The Byzantine Empire

   1. History of the Byzantine Empire

   Before his death, the emperor Theodosius the Great divided his states between his two sons. Honorius received the West and Arcadius the East. In 476, Romulus Ausgustulus was dismissed when Odoacer, leader of the barbarous people, took control of Rome. With this fact the Middle Ages start.

   But the Eastern Roman Empire survived for over a thousand years with frequent wars and some difficulties until the conquest of Constantinople by the Turks in 1453. The Capital was Byzantium, also called Constantinople, because Constantine inaugurated it as the capital of the empire in 330 A.C.

  Arcadio was the first monarch who had to defend himself of the Germans, Bulgarians and Persians.

   The Byzantine Empire reached its peak with Justinian. Great part of the territories of the original Roman Empire, such as North Africa, Italy and part of the Iberian Peninsula, was conquered. But these conquests were short and fell into the hands of the barbarians.

   Justinian's successes are due to two qualities: first, they were hard working, such was the case that soldiers called him "the emperor who never sleeps" and second, he had a special intuition to choose the right person to every moment.

   With Basil I the peak is reached in all aspects and in his time the Bulgarians were defeated. But in 1054 the East–West Schism that separated the Roman Church from the Byzantine occurred. Thus the decline of the Empire starts.


   2. Answers if these facts refer to the emperor Arcadius, to Justinian or to Basil I:
 

Africa and Italy were conquered

He was the first monarch

He defended himself of the Bulgarian

It reached its peak

He was hard working

The East–West Schism occurred

He defended himself of the Persians

He choose the right person

He began the decline






    3. Society and economy

   - SOCIETY: The emperor lived so splendid in his palace, with all the oriental luxury. His authority was absolute and despotic; he was the owner of lives and property of his subjects.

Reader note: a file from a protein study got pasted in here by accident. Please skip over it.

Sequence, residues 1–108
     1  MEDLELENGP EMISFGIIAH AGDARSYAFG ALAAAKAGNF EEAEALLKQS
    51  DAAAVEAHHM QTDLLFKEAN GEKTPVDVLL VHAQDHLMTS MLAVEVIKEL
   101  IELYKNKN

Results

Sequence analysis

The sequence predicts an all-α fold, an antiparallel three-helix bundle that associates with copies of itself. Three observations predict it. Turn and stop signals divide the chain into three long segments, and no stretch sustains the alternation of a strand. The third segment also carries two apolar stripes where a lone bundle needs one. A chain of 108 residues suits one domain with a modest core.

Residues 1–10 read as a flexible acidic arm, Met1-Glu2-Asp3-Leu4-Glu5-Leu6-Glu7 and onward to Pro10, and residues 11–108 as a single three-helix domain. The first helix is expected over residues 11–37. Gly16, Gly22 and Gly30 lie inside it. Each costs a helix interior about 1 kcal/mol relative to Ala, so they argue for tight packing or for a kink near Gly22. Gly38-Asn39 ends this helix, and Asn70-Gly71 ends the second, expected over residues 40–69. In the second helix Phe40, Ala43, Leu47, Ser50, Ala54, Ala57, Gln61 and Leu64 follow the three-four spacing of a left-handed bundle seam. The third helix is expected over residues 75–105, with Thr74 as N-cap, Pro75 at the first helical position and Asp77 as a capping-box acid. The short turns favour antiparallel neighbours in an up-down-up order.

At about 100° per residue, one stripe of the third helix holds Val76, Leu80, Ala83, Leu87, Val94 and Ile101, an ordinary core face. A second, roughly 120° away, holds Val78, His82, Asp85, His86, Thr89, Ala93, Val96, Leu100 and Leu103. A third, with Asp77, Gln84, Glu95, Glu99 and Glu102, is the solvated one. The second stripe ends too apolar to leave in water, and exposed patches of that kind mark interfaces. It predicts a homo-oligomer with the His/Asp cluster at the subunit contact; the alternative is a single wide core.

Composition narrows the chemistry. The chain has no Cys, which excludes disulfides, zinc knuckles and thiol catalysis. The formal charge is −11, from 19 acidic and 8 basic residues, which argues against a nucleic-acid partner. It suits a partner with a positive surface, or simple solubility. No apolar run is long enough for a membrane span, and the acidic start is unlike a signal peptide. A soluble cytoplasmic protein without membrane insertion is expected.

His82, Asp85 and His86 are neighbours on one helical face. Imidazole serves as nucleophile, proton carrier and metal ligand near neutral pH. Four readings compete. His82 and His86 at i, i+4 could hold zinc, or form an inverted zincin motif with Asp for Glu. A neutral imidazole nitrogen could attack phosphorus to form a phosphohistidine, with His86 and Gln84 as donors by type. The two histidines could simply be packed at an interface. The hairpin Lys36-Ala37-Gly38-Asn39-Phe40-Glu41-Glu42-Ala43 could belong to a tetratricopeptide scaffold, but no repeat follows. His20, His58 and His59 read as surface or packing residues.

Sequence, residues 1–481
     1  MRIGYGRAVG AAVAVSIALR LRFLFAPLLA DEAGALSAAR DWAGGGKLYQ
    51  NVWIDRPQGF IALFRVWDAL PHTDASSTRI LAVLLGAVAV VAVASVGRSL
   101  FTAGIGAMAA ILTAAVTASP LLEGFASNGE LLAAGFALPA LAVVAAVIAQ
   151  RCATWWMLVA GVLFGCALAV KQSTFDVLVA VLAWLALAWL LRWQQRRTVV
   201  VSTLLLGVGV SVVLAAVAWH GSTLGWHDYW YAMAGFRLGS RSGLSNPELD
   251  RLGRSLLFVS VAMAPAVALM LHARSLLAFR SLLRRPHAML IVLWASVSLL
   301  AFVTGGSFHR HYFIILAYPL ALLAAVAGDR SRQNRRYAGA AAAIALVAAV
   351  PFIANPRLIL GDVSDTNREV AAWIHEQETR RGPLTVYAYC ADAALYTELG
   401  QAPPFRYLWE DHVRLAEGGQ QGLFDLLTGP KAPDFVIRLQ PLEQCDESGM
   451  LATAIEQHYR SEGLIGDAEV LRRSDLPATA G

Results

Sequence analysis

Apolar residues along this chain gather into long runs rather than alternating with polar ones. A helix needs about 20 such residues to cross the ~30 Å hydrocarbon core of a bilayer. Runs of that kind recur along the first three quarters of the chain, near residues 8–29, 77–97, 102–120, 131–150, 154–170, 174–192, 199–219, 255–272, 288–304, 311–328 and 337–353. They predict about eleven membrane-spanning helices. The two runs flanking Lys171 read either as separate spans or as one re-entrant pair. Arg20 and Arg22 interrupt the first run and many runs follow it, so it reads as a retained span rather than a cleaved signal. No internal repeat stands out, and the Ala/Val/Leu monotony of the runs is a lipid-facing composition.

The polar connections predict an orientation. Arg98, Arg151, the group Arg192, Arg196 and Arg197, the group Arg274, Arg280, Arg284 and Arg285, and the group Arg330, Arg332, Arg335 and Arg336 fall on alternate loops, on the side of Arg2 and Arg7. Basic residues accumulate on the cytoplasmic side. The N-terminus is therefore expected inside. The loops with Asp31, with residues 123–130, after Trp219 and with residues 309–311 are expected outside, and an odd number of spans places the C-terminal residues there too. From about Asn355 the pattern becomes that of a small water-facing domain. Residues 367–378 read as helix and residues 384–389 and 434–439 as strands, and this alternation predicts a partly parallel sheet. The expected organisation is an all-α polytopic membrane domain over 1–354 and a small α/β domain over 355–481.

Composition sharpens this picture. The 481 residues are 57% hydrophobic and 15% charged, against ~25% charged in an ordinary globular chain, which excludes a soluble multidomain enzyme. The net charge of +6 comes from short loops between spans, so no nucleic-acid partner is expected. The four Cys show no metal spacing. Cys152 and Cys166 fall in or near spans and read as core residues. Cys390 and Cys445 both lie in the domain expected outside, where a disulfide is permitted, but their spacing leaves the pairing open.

There were three classes: aristocracy, clergy and people. The aristocracy was made up of senior court officials and landowners. The clergy had great influence after the East–West Schism and the people lived quite hardship. This caused some revolts.

   - ECONOMY: Byzantium or Constantinople was the most prosperous and richest city in Europe: it had Eastern goods, such as fabrics, perfumes and spices, leathers from Russia and metals from Europe, which distributed to the cities of the Mediterranean. Constantinople was a magnificent city, it was the financial center of the world and the point of great trade routes.


   4. Indicate if these sentences refer to the society or to the economy:

The emperor lived splendid

Fabrics and perfumes arrived

They had leathers from Russia

There were three social classes

The people lived hardship

Great trade routes

The emperor was despot

They had metals from Europe


    5. Byzantine Civilization

      - CULTURE: The emperor Justinian promulgated the famous "Corpus Juris Civilis” Code of Laws of great importance. In this way, they preserved Roman law which was the basis of European laws of the Middle and Modern Ages.

   Byzantine culture preserved and transmitted the Greek and Roman contributions.

   - ART: in the Byzantine Empire, the classical Greek and Roman Art combine with East trends. This influenced in Europe and in the Muslim art.

   Justinian embellished Constantinople with large buildings, such as Hagia Sophia, a masterpiece of Byzantine architecture (see the upper picture) and the Imperial Palace. Other notable buildings are the Saint Mark's Basilica in Venice and the basilica of san vitale in Ravenna.

   They developed the art of mosaic, the metalwork and the ivories decoration.

   - RELIGION: The emperors saw with displeasure the dependence to the Pope of Rome and wanted to dominate them. This caused the schism, that is, the separation between the Church of Rome and Byzantium.

   Two heresies spread: the Monophysite and iconoclast. The Monophysites said that Christ is a God and not a man, denying human nature. The iconoclasts were contrary to the worship of images, saying that God and the saints cannot be represented in human figures.  


   6. Indicates if these sentences refer to the culture, to the art or to the religion:

They did not want the dependence to the Pope

They created the Code of Civil Laws

They built the Saint Mark's Basilica

They preserved the Roman law

They were iconoclasts

He embellished Constantinople

Ivories decoration

The Monophysite heresy

They preserved the Greek contributions




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®Arturo Ramo García.-Record of intellectual property of Teruel (Spain) No 141, of 29-IX-1999
Plaza Playa de Aro, 3, 1º DO 44002-TERUEL